Second, once the Republicans lost the Obamacare part of the fight and moved onto spending and sequestration, the Democrats managed to turn back a compromise offered by GOP Sen. Susan Collins of Maine that would have extended a continuing resolution on funding the government to March 2014. The Democrats wanted, and got, a shorter time frame, ostensibly so they would be in a better position to renegotiate the second year of sequester cuts, which begin in January.
Still, the Democrats’ accounting of their triumphs misses the bigger point. The real fight here was not about the shutdown, as uncomfortable as that was for the hundreds of thousands of furloughed federal employees and for others who rely on government services. It was about the debt ceiling. Some Democrats have likened the tea partiers to terrorists taking the nation hostage. Now they are terrorists who have obtained a weapon of mass destruction. They’ve discovered they can scare everybody if they threaten to put the nation’s entire 237-year reputation on the line. And whether or not Obama will refuse to negotiate again, the next national hostage crisis is not far off, since the debt ceiling has been extended until only Feb. 7. This short window allows Republicans to simply resurrect the battle and to dictate terms, which they’ll be able to do as long as they stick to spending rather than quixotic bids to roll back the Affordable Care Act.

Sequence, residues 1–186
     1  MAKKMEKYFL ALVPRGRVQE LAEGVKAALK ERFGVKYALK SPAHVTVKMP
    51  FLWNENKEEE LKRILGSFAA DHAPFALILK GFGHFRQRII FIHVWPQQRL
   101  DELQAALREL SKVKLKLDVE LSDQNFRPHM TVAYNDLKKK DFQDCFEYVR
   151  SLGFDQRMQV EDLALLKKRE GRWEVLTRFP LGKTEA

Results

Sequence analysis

The more-reasonable Rep. Paul Ryan, chairman of the House Budget Committee, will probably now take the lead on the tea-party agenda, but he is likely to remain their creature. According to the Congressional Research Service, until the House forced the Budget Control Act on Obama back in 2011, Congress had raised the debt limit 5 times since 2001, and in every case it was lifted by a year or more. Now we appear to be doing it every few months. That gives the tea party exactly the instrument it wants to wreak havoc not once, but several times, a year. Nor are Democrats, despite their best hopes, likely to get anywhere in renegotiating the sequester, which slices another $21 billion from the budget in an across-the-board way in 2014.
Want final proof of who’s setting the agenda? On Wednesday, as Senate Republican Leader Mitch McConnell began his speech on the dramatic last-minute deal that saved the country’s credit (for the moment), CNN and much of the rest of the media cut to “¦ Sen. Ted Cruz, making yet another demagogic speech of his own. That, too, was a tea-party victory.
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Republican opposition to the GOP health care bill swelled to near-fatal numbers Sunday as Sen. Susan Collins all but closed the door on supporting the last-ditch effort to scrap the Obama health care law and Sen. Ted Cruz said that "right now" he doesn't back it. White House legislative liaison Marc Short and Sen. Lindsey Graham, R-S.C., one of the measure's sponsors, said Republicans would press ahead with a vote this week." Collins said she doesn't support the bill's cuts to Medicaid, while Cruz said it wouldn't do enough to lower premiums.